When I think about “Beyond Granite,” the recent exhibit curated by Monument Lab, it was compelling to see these artworks on the National Mall, shoulder to shoulder with existing monuments. You’ve spoken about beauty and wanting to fund memorials that are formally compelling. Can you tell me about Mellon’s artistic goals?
I loved “Beyond Granite.” I think that Monument Lab did such an extraordinary job with that. The power of what artists can do — artists arrest the eye, artists create complex beauty. Great art makes you stop. Great art is something you can return to and see something different in it. That vision is called for in public space where we’re asking such big questions.
As a reporter who also covers some federal issues here in Washington, I’m always surprised to learn that it can be difficult to get money out. Especially when it comes to grants, a lot of cities and counties lack the capacity to apply for these things, or they don’t know about them. That can be a challenge, especially with putting out money equitably in the kinds of communities where you want to tell these stories. So how does Mellon address that capacity factor?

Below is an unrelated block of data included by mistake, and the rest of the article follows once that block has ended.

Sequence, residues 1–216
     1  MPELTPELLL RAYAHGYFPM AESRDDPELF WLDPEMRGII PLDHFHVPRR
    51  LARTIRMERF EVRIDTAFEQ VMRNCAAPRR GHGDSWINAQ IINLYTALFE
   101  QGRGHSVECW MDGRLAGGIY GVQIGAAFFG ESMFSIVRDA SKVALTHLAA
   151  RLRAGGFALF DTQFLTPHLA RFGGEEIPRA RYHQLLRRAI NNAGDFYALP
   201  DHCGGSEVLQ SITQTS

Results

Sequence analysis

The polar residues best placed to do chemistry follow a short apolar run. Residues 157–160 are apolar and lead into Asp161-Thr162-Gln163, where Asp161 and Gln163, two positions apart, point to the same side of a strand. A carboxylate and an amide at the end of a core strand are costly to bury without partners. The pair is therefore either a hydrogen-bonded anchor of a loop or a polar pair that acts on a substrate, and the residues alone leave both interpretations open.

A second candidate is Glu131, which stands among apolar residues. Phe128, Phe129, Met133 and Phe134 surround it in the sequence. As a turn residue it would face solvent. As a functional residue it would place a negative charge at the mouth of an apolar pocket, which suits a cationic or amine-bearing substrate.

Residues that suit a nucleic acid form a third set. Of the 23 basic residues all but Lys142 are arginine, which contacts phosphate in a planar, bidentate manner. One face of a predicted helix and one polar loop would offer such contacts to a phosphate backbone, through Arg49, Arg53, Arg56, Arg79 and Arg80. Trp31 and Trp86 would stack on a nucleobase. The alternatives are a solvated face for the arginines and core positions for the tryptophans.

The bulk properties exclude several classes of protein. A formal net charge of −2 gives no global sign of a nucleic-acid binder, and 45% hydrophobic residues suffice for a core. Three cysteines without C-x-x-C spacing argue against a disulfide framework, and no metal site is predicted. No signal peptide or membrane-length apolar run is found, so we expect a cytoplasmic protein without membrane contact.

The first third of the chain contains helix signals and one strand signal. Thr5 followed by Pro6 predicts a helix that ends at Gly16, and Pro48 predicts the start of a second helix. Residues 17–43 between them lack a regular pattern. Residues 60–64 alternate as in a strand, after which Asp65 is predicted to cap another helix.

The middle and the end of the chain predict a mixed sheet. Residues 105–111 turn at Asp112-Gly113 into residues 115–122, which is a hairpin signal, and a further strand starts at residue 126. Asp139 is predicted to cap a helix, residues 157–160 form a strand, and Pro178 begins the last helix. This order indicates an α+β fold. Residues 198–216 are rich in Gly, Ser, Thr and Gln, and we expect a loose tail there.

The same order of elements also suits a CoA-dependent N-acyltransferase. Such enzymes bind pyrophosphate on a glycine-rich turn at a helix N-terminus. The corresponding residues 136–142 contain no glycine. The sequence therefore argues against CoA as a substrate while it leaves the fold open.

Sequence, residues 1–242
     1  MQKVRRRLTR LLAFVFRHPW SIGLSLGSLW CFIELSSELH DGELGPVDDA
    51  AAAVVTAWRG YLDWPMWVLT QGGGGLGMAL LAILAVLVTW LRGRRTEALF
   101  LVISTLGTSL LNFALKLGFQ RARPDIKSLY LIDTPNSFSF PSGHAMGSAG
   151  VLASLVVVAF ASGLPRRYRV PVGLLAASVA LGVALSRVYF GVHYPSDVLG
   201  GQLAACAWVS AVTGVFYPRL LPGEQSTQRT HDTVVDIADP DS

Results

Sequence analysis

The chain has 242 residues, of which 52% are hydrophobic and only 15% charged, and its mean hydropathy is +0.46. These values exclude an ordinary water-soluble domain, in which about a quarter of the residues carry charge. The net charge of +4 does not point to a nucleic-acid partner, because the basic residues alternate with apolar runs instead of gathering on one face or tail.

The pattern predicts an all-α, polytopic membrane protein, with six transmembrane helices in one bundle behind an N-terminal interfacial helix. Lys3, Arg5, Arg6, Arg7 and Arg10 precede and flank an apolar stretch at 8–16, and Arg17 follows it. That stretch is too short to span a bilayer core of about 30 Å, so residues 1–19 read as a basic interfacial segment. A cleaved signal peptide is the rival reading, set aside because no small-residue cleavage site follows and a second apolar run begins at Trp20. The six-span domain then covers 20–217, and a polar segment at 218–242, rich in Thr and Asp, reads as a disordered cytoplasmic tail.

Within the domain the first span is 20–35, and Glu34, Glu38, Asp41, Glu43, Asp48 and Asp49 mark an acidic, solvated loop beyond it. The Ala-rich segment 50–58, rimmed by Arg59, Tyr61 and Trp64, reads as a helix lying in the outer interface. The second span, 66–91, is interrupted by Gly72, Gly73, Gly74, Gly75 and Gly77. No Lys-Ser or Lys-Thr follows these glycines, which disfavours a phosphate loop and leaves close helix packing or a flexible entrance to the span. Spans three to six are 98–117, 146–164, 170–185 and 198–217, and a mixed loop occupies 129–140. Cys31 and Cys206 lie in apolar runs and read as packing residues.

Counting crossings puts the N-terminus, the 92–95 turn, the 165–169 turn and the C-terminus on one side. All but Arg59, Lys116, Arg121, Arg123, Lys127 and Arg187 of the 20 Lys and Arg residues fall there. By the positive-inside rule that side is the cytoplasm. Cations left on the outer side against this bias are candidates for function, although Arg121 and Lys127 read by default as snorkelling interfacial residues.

We work like a 20-mule team. I’m not being cute. First of all, we are a social justice foundation. Everything we do is designed to have more access, more openness, more transparency — not only because it’s the right thing, but because there’s so much amazing work out there. So it is in our interest to be able to have a wider viewfinder. We put out open calls where we didn’t before. Open calls are a crazy amount of work, because you get flooded. We are small but mighty, and we are human beings, but that’s one of the tools that we use to make sure that we are broad. Equity infuses absolutely everything we do. And I’m very proud of that.
What’s next for this project? Do you think the half-billion-dollar mark is likely to be the whole project?
I don’t think that’s a question for now. Right now, we’re doubling it. It was the biggest we ever did before, and now it’s two times the biggest we ever did before. We have an endowment, and we give out $550 million a year. We couldn’t do any more than what we’re going to be doing right now. So what we’re focusing on now is you getting the team in the right place to be able to scale the work and do as much to fund projects that hopefully inspire other projects, other work, and other possibilities in the future.
To contact the author of this story:
Kriston Capps in Washington at email@example.com